A soup kitchen in Halifax intended to help the city’s most vulnerable will require individuals to show proof of vaccination against COVID-19 before entering its premises and accessing its services. 

Former department head of emergency medicine for Nova Scotia’s eastern zone Dr. Chris Milburn posted a photo of a sign at Hope Cottage on Facebook on Monday. Milburn said Hope Cottage used to be a place where people would come to sit and have a warm meal with no judgment or questions asked. 

“But now if you don’t happen to be carrying your vax pass on your 800$ smartphone, tough luck,” said Milburn. “What the hell are we doing?” 

According to the sign, there will be no exceptions to the vaccine policy. 

Programs and services for vulnerable populations that cannot be offered virtually are exempted from Nova Scotia’s vaccine passport system, except if meals are offered. Meals can only be provided through takeout or delivery to people who cannot show proof of vaccination.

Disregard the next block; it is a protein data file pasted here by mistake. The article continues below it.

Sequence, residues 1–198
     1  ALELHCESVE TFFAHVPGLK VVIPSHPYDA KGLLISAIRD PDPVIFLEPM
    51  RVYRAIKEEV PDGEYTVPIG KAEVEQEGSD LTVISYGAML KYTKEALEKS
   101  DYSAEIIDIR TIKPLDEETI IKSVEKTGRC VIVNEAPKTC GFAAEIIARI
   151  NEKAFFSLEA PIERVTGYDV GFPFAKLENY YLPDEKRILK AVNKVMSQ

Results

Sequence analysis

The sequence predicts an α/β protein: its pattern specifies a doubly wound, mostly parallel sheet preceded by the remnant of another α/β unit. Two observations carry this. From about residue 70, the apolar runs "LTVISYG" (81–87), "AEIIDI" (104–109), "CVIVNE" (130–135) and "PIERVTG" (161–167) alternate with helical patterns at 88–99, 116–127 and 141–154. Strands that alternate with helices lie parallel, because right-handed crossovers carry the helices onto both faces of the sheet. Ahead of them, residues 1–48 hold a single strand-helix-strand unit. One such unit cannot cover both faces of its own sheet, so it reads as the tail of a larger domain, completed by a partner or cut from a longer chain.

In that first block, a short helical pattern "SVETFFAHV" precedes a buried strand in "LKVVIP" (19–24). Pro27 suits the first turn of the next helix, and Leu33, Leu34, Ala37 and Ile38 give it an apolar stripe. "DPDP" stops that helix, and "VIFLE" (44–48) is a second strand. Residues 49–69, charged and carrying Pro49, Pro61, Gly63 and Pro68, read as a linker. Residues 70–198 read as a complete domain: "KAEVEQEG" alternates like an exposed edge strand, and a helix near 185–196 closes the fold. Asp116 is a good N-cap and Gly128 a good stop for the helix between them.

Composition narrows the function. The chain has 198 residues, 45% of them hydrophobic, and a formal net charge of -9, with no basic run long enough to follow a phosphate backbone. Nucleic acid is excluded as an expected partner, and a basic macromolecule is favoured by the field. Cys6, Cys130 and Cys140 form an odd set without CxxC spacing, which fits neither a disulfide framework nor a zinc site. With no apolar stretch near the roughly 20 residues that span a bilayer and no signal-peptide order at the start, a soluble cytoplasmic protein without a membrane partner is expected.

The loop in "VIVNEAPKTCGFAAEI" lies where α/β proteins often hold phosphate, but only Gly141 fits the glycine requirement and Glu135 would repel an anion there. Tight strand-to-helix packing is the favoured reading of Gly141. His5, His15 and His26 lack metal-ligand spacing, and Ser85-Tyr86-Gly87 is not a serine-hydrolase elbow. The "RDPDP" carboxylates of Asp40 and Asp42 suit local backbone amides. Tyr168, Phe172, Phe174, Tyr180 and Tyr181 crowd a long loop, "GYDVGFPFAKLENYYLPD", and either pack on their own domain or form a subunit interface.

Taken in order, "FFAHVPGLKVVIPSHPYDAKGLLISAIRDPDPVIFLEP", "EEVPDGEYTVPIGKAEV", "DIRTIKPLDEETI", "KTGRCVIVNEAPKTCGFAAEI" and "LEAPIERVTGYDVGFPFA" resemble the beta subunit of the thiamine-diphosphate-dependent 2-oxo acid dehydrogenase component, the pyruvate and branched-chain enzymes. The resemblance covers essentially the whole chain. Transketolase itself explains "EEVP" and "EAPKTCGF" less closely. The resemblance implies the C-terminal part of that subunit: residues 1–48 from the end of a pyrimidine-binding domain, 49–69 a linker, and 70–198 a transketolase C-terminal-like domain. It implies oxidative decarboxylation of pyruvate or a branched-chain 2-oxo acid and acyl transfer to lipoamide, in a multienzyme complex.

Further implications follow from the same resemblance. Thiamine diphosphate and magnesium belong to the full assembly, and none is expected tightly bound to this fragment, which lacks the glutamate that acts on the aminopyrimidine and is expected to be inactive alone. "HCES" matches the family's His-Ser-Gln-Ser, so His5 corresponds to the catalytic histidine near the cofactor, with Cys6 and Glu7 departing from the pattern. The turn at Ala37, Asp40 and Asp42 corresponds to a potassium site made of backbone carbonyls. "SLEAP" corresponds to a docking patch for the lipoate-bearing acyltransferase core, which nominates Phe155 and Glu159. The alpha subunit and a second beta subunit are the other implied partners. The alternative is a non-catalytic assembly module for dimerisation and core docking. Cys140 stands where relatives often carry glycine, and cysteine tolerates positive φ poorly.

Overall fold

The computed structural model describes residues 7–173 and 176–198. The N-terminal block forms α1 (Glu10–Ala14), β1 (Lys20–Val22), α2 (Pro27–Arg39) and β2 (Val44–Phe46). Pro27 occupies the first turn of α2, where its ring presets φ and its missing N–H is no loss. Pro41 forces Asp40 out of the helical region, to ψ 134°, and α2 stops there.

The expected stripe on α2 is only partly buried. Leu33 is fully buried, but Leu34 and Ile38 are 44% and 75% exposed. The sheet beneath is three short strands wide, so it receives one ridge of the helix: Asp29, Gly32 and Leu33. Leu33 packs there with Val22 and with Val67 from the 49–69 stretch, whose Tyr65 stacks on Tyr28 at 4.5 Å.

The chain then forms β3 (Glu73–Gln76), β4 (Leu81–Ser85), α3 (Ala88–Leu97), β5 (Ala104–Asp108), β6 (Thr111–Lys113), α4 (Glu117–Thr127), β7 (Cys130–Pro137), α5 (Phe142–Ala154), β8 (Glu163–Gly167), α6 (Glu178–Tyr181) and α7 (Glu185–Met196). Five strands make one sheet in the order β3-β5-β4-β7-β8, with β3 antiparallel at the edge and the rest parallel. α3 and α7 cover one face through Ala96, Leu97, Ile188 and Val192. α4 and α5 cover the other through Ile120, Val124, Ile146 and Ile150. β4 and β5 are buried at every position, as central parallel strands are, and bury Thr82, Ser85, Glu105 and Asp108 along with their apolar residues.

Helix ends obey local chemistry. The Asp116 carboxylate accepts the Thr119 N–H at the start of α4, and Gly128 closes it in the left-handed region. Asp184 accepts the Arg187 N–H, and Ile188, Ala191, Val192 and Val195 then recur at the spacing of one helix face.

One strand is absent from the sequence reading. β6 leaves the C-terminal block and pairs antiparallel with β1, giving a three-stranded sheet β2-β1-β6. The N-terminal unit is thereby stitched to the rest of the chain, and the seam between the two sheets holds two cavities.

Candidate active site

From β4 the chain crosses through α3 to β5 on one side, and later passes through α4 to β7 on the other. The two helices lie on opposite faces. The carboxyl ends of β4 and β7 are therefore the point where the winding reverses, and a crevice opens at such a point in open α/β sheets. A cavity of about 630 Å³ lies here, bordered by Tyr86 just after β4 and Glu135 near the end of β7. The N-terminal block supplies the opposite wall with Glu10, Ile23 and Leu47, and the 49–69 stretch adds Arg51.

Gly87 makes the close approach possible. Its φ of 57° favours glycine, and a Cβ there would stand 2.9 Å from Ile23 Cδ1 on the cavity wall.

Hope Cottage confirmed in a statement emailed to True North on Wednesday that their sign exists and individuals entering its premises will be required to show proof of vaccination.

“We will be following provincial health protocols,” said Hope Cottage. 

Hope Cottage will be reopening for meal service on Nov. 1. The hours of operation will be 10 to 11:30 a.m. and 4:30 to 6 p.m.

There will no longer be takeaway meals but sandwiches will be provided at the door for people who are unable to come inside for a meal. 

Nova Scotia implemented a vaccine passport system for non-essential activities for anyone 12 years old and up effective Oct. 4. The vaccine passport system applies to social activities that bring people together.

Other provinces do not require vaccine passports for soup kitchens. 

British Columbia’s vaccine passport policy does not apply to soup kitchens. Proof of vaccination is required for restaurants, cafes, pubs, bars and lounges. 

Ontario’s vaccine passport system does not require people to show proof of vaccination to enter soup kitchens. Instead, proof of vaccination has been mandated for restaurants, bars and other food and drink establishments. 

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